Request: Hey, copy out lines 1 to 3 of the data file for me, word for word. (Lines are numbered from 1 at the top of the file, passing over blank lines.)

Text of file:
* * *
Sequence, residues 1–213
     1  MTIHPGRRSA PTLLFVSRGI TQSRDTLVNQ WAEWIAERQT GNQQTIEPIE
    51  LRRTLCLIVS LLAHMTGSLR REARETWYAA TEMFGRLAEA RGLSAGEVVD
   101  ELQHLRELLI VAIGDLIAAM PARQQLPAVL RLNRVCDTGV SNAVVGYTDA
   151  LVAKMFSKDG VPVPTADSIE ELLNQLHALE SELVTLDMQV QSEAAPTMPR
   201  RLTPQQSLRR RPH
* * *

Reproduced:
Sequence, residues 1–213
     1  MTIHPGRRSA PTLLFVSRGI TQSRDTLVNQ WAEWIAERQT GNQQTIEPIE
    51  LRRTLCLIVS LLAHMTGSLR REARETWYAA TEMFGRLAEA RGLSAGEVVD